Changes in bird numbers on Tiritiri Matangi Island, New Zealand, over the period of rat eradication

Tiritiri Matangi is 25 km north of Auckland City in the Hauraki Gulf, New Zealand. Most of its forest cover was removed during many centuries of Maori and European occupation and farming. Some areas of extant forest canopy remained. Farming ceased in 1971. Since 1984 some 300,000 native trees have been planted. Twenty-seven species of native bird are naturally present and breeding on the island. Twenty-two exotic species introduced to mainland New Zealand have found their way to the island. Nine species of native bird have been translocated to the island. Data from bird counting transects within extant forest areas in spring are considered. The data from a three-year period before eradication of Pacific rats (Rattus exulans) in September 1993 are compared to a three-year period following rat eradication, with a three-year settling period between. A number of significant changes are recorded with both increases and decreases in bird numbers. These are attributed to the direct impact of the rats or changes in forest composition following rat removal, or the data are confused by conservation management actions beyond the immediate count areas.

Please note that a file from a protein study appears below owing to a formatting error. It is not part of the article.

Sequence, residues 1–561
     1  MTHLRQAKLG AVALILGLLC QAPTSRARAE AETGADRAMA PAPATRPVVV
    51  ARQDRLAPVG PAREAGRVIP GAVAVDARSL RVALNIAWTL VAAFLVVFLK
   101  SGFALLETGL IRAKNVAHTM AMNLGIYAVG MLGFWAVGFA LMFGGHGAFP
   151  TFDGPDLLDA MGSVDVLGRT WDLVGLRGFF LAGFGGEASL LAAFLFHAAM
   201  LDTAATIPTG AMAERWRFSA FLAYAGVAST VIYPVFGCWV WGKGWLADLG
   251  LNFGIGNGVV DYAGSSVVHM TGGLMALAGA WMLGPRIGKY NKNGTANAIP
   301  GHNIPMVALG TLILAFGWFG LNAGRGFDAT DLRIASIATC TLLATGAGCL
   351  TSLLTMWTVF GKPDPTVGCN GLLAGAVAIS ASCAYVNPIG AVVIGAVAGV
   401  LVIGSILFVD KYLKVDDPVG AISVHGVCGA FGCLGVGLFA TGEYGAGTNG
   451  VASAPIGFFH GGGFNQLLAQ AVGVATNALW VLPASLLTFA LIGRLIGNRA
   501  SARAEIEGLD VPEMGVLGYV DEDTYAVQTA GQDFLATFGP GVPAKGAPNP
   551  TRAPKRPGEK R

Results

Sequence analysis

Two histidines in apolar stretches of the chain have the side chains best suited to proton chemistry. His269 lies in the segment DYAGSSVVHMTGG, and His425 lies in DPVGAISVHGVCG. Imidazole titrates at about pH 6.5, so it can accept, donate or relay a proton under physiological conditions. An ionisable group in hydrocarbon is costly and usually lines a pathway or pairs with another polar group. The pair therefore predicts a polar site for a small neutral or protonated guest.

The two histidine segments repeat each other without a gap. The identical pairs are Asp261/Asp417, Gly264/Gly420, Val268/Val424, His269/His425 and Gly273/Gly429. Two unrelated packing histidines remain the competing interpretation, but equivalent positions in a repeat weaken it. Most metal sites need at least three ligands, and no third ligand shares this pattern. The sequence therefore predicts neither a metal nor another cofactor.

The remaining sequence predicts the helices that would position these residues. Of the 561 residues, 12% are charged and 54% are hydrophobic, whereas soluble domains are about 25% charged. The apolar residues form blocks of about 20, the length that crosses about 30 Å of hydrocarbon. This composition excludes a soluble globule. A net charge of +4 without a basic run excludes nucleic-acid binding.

Author Graham, M. F. and Veitch, C. R.
Year 2002
Secondary title International Conference on Eradication of Island Invasives
Publisher IUCN Invasive Species Specialist Group
Pages 120-123
Region NZ
Links https://www.hear.org/articles/turningthetide/turningthetide.pdf